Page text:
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TSA screeners accused of taking bribes to allow drugs past LAX checkpoints

Cocaine, methamphetamine and marijuana were allowed to pass security checkpoints at LAX in a bribery scheme that led to the arrests of two former and two current Transportation Security Administration employees, according to authorities.

The screeners were accused of allowing large amounts of cocaine and other drugs to pass through X-ray machines at security checkpoints in exchange for payments of up to $2,400, according to the U.S. Attorney's Office.

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"The allegations in this case describe a significant breakdown of the screening system through the conduct of individuals who placed greed above the nation's security needs,'' said U.S. Attorney Andre Birotte Jr.

The indictment cites five incidents in which the employees allowed suitcases filled with drugs to pass X-ray machines at security checkpoints. The scheme occurred over a six-month period last year,  according to the U.S. Attorney's Office.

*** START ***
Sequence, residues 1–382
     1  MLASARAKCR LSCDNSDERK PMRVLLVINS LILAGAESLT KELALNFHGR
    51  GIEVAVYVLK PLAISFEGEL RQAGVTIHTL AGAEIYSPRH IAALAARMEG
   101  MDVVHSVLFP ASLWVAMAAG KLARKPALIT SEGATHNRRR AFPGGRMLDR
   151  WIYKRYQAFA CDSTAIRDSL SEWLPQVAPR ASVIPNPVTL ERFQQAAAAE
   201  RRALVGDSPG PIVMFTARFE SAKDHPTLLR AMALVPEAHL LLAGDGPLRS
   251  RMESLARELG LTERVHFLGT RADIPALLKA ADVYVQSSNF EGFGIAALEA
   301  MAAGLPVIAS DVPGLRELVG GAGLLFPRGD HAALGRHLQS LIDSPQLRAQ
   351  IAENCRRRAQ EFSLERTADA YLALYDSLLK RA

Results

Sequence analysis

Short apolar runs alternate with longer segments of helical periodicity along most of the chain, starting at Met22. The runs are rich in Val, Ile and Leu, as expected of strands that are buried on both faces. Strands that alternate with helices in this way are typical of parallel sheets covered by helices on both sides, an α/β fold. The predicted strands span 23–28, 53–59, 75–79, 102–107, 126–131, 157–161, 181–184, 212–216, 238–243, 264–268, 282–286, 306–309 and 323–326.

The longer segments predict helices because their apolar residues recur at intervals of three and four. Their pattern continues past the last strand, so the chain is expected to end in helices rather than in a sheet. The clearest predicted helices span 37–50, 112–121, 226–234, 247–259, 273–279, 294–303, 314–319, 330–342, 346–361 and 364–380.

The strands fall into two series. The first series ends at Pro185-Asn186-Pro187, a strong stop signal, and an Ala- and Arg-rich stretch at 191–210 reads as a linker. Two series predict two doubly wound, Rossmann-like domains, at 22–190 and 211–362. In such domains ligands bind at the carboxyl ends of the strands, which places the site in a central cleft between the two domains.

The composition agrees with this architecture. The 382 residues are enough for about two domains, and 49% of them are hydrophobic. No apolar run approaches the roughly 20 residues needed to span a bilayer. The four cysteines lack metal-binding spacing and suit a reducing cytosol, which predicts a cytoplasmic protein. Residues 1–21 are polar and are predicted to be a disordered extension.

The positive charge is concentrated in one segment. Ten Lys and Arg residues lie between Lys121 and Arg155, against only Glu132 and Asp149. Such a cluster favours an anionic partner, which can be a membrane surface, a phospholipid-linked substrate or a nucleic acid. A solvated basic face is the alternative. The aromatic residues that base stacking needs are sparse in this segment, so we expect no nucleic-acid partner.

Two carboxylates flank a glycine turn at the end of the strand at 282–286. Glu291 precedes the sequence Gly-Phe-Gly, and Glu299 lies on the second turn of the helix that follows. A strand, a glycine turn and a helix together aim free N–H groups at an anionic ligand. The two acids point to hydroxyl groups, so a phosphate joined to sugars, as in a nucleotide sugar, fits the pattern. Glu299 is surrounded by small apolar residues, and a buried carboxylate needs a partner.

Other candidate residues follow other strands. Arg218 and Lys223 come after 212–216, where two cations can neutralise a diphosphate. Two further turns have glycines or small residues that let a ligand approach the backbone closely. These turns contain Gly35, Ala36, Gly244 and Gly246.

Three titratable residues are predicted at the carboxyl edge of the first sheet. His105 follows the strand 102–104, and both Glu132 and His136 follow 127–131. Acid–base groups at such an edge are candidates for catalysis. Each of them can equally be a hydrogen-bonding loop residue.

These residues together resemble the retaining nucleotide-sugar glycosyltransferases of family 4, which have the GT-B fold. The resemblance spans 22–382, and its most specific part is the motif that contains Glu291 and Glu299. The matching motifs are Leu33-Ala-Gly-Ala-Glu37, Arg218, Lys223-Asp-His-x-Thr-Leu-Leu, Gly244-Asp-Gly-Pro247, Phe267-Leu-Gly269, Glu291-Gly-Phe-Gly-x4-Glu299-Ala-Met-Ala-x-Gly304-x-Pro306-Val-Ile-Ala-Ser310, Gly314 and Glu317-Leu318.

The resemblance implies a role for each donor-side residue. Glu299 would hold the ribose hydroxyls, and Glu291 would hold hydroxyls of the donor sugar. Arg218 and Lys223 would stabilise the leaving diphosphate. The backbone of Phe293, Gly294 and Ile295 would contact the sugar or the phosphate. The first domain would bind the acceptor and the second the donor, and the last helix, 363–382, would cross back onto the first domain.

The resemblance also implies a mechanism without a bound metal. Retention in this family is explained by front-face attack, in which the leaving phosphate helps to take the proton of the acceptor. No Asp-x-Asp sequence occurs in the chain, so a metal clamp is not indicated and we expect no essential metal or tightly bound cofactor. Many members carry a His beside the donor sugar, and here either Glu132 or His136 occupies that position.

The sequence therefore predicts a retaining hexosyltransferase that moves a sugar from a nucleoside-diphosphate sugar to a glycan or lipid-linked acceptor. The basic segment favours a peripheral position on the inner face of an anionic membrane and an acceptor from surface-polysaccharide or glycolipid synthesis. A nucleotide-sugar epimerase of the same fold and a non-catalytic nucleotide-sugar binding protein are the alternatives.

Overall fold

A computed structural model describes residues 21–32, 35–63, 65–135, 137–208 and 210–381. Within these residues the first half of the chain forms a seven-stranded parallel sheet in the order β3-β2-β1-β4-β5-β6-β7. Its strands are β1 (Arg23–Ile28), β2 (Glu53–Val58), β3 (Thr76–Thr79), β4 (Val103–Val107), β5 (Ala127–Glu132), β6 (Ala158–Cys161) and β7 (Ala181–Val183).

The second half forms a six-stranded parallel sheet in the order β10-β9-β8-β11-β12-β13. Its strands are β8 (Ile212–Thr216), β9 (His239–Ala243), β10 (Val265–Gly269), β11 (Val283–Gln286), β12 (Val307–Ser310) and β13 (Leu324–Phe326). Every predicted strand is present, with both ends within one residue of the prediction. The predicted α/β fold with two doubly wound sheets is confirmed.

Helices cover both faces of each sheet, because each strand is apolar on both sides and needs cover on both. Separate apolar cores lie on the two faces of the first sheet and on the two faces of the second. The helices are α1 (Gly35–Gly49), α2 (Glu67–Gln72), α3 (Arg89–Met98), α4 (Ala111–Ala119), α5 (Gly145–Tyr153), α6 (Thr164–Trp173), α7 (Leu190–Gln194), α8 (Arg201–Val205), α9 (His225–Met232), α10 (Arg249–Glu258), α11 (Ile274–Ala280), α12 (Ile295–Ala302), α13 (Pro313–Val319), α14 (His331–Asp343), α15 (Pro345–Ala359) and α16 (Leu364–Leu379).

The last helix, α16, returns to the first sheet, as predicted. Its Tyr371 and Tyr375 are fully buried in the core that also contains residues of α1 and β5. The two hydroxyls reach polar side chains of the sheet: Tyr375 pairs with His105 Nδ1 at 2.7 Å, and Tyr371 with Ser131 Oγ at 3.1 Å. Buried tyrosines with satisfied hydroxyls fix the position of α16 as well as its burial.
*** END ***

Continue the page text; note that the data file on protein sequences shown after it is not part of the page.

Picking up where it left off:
One drug courier is already in custody in connection with the case, according to authorities. Another courier suspect is expected to surrender Thursday.

One of the courier suspects, identified as Downey resident Duane Eleby, allegedly attempted to bring nearly five kilograms of cocaine through a security checkpoint. The drugs were seized when he went through a checkpoint that was not staffed by someone involved in the scheme, authorities said.

TSA employees who were not involved in the scheme seized Eleby's bag and found the cocaine, according to investigators.

Among those arrested and charged are Naral Richardson, 30, of Los Angeles, who was fired by TSA in 2010 and accused of orchestrating the scheme; John Whitfield, 23, of Los Angeles, a current TSA screener; Joy White, 27, of Compton, who was terminated last year; and Capeline McKinney, 25, of Los Angeles, also a current screener.

"While these arrests are a disappointment, TSA is committed to holding our employees to the highest standards," said Randy Parsons, TSA Federal Security Director at LAX.

If convicted, all four employees face a minimum of 10 years in federal prison.

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